Modeling Large-Scale Winter Recreation Terrain Selection with Implications for Recreation Management and Wildlife

Winter recreation is a rapidly growing activity, and advances in technology make it possible for increasing numbers of people to access remote backcountry terrain. Increased winter recreation may lead to more frequent conflict between recreationists, as well as greater potential disturbance to wildlife.

The sharp increase in the extent and popularity of winter recreation presents a challenge to land managers responsible for multiple-use lands with associated concern as to its impact on wildlife and the environment. Thus, managers face multiple challenges of reducing impacts to the environment and wildlife while also minimizing interpersonal conflict and still providing winter recreation opportunities.

One way in which the likelihood of interpersonal conflict may be minimized is to reduce the time that motorized and nonmotorized users are funneled into a single shared-use access area or travel corridor since our results show that the conditions that motorized and non-motorized users select are fairly distinct, and thus recreationists may self-select areas that reduce co-occurrence between the two types. Alternatively, if active zoning is required to separate users to reduce conflict or for safety, the conditions that each recreation type favors should be considered.

Our results underscore the importance of road and road-access management in affecting the spatial footprint of winter recreation. Decisions about the placement or density of roads need careful assessment as they can influence the movements of winter recreationists relative to wildlife or each other. Management practices that lower tree density and increase forest patchiness will also influence motorized and non-motorized recreation at fine spatial scales.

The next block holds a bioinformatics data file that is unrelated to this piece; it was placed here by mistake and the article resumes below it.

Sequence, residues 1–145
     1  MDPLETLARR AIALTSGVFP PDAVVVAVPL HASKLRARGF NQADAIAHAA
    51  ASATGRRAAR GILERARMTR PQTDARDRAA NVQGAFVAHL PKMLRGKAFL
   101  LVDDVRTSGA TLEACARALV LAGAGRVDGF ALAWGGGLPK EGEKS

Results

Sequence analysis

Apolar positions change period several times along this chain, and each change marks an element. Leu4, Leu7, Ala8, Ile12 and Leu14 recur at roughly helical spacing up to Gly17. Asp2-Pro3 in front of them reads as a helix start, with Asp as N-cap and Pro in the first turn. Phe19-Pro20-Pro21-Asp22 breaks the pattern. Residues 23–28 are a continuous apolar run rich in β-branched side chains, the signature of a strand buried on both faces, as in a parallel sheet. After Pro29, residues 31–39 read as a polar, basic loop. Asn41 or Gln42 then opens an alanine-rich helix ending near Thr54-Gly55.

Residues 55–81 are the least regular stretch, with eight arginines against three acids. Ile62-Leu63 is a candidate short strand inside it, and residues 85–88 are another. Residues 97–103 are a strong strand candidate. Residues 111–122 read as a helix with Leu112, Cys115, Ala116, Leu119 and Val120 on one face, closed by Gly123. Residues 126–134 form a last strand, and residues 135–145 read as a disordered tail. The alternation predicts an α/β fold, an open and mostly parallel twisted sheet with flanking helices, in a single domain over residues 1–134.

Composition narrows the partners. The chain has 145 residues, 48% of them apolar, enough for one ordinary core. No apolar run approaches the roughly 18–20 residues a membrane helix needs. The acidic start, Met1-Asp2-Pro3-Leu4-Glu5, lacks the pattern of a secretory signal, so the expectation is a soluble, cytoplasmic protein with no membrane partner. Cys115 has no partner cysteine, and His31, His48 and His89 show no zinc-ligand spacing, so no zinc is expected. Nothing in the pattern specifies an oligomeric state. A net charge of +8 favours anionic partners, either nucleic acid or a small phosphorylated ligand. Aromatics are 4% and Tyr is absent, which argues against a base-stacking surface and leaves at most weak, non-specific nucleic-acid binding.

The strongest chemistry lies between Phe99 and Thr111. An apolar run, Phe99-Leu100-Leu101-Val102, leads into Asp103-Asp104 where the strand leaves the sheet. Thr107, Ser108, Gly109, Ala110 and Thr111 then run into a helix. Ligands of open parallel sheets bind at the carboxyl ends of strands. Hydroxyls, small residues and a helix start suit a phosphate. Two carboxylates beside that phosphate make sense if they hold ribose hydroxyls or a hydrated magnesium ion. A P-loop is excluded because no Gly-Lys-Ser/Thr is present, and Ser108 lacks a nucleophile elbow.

Published by Elsevier Ltd. This is an open access article under the CC BY-NC-ND license (http://
creativecommons.org/licenses/by-nc-nd/4.0/).

Attached document published June 2017

 

Webinars on YouTube that you might like

Wilderness Trails: Special Places, Special Considerations

Dec 1, 2022

This webinar will provide some basic information on trails in federally-designated Wilderness, examples of practical experiences, and resources to learn more.

More resources in this category

Environmental Impacts of Winter Recreation

posted Nov 25, 2023

Regardless of our intentions, many species perceive humans as a threat and respond accordingly. In general, animals respond to threats by first increasing vigilance (time spent looking around versus foraging), and running away if the threat is perceived to be imminent.

Guidelines for Managing and Restoring Natural Plant Communities along Trails and Waterways

posted Sep 18, 2023

These guidelines are designed to assist resource managers in conducting management activities that enhance the quality of natural plant communities, wildlife habitat, regional landscape integrity and visual quality, particularly as related to planning, development, and maintenance of trails, water trails, and water access sites.

Are horses responsible for introducing non-native plants along forest trails in the eastern United States?

posted Jul 1, 2021

Horses have been suggested to be an important source for the introduction of non-native plant species along trails, but the conclusions were based on anecdotal evidence.

Wildlife Crossings

posted Jun 30, 2021

Providing safe passage for urban wildlife


443 views • posted 11/24/2023